Last month, Representative Matt Salmon from Arizona introduced a new bill to Congress known as the CFPB Data Accountability Act, which would—among other changes—require the Consumer Financial Protection Bureau (CFPB) to begin verifying the complaints they receive before displaying them on their online public database.
“We owe it to the American people to make this information as accurate and as clear as possible,” said Rep. Salmon in his press release. “Unfortunately, the current database is disorganized and does little to provide the American people with important information to inform their decision-making.”
If eventually enacted, the new bill would amend Section 1013(b)(3) of the Consumer Financial Protection Act of 2010 by adding the following provisions:
(E) WEBSITE REQUIREMENTS – In establishing and maintaining the website described under subparagraph (A), the Bureau shall comply with the following:
(i) AGGREGATED FORMAT – With respect to consumer complaint information obtained by the Bureau under this paragraph, the Bureau may only make such information available to the public on the website in an aggregated format and after taking steps to ensure that proprietary, personal, or confidential consumer information is not made public on such website.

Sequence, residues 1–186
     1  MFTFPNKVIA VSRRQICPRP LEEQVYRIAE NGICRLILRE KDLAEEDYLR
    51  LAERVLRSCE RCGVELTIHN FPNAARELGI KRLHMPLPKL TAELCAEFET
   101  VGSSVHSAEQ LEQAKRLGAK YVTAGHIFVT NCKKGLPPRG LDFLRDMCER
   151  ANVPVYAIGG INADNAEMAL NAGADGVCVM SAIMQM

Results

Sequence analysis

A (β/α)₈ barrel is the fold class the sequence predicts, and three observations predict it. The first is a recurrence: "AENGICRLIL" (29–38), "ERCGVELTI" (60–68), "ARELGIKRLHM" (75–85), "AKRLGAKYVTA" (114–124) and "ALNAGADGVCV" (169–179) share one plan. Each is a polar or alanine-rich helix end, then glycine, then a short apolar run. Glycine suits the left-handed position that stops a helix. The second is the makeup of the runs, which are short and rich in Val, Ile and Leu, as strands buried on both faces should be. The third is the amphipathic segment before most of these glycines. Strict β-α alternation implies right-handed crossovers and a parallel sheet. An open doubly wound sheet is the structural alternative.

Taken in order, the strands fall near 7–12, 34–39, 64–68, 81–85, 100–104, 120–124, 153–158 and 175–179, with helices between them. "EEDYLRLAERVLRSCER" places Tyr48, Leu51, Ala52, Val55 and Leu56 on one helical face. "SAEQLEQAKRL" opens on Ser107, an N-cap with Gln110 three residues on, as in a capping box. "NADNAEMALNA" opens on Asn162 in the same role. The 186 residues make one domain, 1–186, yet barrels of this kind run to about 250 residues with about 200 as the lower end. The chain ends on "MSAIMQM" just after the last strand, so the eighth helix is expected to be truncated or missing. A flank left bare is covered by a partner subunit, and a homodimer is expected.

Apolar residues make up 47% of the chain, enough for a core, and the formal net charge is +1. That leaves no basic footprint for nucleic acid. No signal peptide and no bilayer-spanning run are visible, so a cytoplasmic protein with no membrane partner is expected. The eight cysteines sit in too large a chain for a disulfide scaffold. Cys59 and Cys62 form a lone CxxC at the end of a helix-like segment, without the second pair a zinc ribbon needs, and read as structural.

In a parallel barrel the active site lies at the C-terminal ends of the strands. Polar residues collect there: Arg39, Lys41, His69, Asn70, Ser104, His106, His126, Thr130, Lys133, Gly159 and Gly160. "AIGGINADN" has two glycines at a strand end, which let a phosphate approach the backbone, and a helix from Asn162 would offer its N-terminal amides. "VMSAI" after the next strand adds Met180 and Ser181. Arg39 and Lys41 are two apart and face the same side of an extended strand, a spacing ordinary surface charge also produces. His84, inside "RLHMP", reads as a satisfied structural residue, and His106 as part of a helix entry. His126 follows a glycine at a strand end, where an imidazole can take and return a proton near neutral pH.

(ii) VERIFICATION REQUIREMENT – The Bureau shall verify any consumer complaint information included under clause (i) where the complaint alleges a violation of a law, regulation, or contractual agreement between a consumer and a covered person who offered or provided the consumer financial product or service to the consumer.
(iii) REPORT OF COMPLAINT PERCENTAGES – With respect to consumer complaint information about a particular consumer financial product or service, the Bureau may only make such information available to the public on the website if the Bureau accompanies such information with statistics on how many consumer complaints the Bureau receives with respect to the particular consumer financial product or service compared to the total number of consumers making use of such consumer financial product or service.
(iv) QUALITY, OBJECTIVITY, UTILITY, AND INTEGRITY OF INFORMATION – The Bureau shall comply with all guidelines issued by the Director of the Office of Management and Budget pursuant to section 515 of H.R. 5658, as enacted by section 1(a)(3) of the Consolidation Appropriations Act, 2001.
“My bill would improve the current database by requiring the CFPB to verify the facts of each complaint and present this information in an aggregated format so that consumers have better access to CFPB-collected data and can make better decisions about their financial futures,” added Salmon.
The new CFBP Data Accountability Act is currently set for review by the House Financial Services Committee. For more information, or to view the proposed bill in its entirety, click here.